By Roxanne Daniels
Definition: Mentorship – It is a personal developmental relationship in which a more experienced or more knowledgeable person helps to guide a less experienced or less knowledgeable person.
She sat nervously on the couch in the lounge. Her cousin was celebrating after having received her university results. She felt her breath being taken away and almost had the sensation of choking. Finally, a little blip on her cell phone was heard. She looked down, waiting for the either ‘do or die’ results. She began to scream, running around the house as she went. It had just become the best day of her life. This is Monde Soldati’s experience of finding out that she passed all her subjects in first at Rhodes in 2014. She is now in second year and is continuing with her Bachelor of Economics. Like any other first year, she was nervous about coming to Rhodes.
To deal with her nerves, Monde joined the Ncedana Mentorship Programme which was in its first year of running last year. “I wanted to join any support group possible, it was overwhelming coming to university,” says Monde. The programme runs in the first semester with three optional meetings being held after the mid year exams. The mentor meets with his/her mentees once a week in a highly confidential setting. They discuss the issues that come with being in first year. The first years are placed in groups with others who are in the same faculty; their mentors are senior students also from the same faculty of study.
Unfortunately Soldati did not have a good experience as a mentee. “It was weird, we didn’t meet up for three weeks to begin with and then we were all made to feel guilty as a result because everyone kept giving reasons for not being able to make it,” explains Monde. “We were all doing the same degree though, so we had similar time tables”. Monde also felt that the group she was part of simply sat and spoke about the same issues with the same overstated advice every meeting.
While Monde feels she did not benefit from the programme, Kamogelo Mafokwana, studying a Bachelor of Science loved his experience of the programme last year. Mafokwana comes from Limpopo in a small, removed area. “I got to engage with people of different backgrounds and cultures that I’d never seen before. We became closer and we’re still in contact with each other even though my mentor is now studying masters in Stellenbosch,” Kamogelo reminisces.
Purpose to uplift
Cockcroft, who is passionate about the programme that previous Dean of Students Dr Vivian de Klerk spear-headed, pointed to the fact that the aim of the programme is to help first years to become independent. “The mentor is there to empower the mentee, not to be depended on more and more,” explains Cockcroft. Kamogelo is a prime example of this aim being fulfilled; “I settled better at Rhodes and my mentor really uplifted me and encouraged me to keep going. He pulled me together when I felt like giving up.” Kamogelo is now an academic representative in Cory House, with the desire to help others in the same way he was helped in his first year.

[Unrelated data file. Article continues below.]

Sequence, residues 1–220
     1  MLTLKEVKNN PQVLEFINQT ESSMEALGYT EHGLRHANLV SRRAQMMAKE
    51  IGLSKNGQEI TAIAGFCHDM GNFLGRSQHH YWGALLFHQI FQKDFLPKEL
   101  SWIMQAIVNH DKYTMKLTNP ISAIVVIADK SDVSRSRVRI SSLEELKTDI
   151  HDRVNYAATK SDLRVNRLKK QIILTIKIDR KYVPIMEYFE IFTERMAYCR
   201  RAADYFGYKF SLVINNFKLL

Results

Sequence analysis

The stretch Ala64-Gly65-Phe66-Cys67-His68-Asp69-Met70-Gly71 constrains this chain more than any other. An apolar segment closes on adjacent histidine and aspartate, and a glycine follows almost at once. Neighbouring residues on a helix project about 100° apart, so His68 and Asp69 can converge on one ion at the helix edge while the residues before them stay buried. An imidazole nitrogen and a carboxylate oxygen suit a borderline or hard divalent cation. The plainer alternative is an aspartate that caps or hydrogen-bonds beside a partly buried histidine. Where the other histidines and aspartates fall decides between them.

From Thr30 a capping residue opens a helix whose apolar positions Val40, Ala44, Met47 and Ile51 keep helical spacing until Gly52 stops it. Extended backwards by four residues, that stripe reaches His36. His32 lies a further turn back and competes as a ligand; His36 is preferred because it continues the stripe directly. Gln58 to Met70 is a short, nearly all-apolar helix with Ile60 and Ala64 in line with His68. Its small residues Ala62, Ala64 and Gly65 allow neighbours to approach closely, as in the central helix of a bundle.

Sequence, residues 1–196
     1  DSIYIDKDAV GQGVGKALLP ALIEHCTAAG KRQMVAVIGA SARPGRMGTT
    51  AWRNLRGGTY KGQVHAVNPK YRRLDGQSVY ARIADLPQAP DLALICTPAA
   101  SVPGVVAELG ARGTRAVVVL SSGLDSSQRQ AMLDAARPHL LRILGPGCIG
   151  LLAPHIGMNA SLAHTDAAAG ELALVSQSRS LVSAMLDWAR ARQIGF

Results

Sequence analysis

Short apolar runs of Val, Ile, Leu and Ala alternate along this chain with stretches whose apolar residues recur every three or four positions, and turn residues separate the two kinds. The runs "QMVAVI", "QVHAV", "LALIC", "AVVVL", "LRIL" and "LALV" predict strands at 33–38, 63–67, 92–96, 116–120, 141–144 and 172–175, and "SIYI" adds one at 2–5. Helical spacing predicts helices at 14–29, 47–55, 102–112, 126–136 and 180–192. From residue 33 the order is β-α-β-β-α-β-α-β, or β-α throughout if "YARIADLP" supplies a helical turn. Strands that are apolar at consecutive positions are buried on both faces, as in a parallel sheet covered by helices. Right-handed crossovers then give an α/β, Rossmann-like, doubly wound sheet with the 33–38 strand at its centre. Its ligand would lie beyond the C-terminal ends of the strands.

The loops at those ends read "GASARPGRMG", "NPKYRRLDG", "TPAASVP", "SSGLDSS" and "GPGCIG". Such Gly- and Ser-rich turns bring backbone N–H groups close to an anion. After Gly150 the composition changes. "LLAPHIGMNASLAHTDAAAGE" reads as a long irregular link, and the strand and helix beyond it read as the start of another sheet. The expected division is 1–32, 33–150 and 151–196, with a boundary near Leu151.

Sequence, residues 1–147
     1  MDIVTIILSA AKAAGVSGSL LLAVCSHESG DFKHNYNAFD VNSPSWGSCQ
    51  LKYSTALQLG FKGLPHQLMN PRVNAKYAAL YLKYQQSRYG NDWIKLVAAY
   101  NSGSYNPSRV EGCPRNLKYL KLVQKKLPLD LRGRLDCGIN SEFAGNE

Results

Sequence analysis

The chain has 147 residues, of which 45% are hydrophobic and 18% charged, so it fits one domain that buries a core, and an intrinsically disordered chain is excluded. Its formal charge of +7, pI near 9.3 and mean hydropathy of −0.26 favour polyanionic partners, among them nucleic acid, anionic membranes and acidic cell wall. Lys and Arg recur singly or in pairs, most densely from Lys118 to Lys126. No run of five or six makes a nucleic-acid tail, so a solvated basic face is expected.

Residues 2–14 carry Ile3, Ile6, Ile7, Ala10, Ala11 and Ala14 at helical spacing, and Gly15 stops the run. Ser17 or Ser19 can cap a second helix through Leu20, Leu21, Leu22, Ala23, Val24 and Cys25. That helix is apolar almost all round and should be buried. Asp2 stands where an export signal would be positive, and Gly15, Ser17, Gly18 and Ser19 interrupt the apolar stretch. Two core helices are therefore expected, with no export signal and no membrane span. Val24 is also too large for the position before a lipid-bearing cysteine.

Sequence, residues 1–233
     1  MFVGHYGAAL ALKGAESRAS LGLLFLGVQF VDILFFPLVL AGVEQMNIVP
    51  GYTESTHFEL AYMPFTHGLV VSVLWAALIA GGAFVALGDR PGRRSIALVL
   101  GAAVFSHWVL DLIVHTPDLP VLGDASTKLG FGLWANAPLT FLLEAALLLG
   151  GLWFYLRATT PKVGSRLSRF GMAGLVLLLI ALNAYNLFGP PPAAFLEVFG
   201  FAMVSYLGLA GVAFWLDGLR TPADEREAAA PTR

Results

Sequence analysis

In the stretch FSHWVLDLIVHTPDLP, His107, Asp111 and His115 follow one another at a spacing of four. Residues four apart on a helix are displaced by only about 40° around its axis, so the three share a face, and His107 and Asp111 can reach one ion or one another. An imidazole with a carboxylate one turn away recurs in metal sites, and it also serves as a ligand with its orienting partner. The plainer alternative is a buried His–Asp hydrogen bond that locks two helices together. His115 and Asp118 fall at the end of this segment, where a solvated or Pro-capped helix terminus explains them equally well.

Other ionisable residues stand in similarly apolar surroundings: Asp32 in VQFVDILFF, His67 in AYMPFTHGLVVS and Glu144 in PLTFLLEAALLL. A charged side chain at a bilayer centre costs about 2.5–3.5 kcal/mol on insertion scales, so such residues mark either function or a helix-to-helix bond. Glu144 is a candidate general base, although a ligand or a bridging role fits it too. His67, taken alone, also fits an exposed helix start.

He pulled me together when I felt like giving up.
Even though Kamogelo had a positive experience, there have been suggestions for change to be implemented. Cockcroft finds evaluation and reflection very important and with any new venture, there will always be room for improvement. An online questionnaire for both mentors and mentees was set up last year and regular discussions among facilitators allowed refinements to be made as the programme went along. The first change is that Oppidans are now part of the programme and this year students are not grouped according to degree and place of residence, but only according to faculty. “So as to encourage healthy boundaries in mentor-mentee relationships, students are no longer matched by residence. Faculty is the central commonality,” explains Cockcroft. There is now also a cut-off date in place, and first years this year have until the end of the first term to join. This is to ensure that disruption to the group dynamic does not happen during the year. “We also found that communication with the mentees to begin with was difficult, so this year we used the university’s bulk SMS system to contact the mentees. We also had a formal meet-up/introductory lunch at the beginning of the term, which was very valuable,” says Cockcroft. The lunch worked well to establish the first mentor/mentee connection and set up an opportunity for the first years to see all those involved in the programme. There is now a platform available for mentees who need to bring up any personal issues about mentors, who are accountable to the programme facilitators.
A call to join
Kamogelo ended the year off with the belief that he can now do anything he works at. His experience as a mentee in the programme enriched his university experience. Are you in first year? Maybe the programme could help you like it helped Kamogelo Mafokwana. For more information on how to join a mentoring group, visit this website or email Benita Bobo at firstname.lastname@example.org.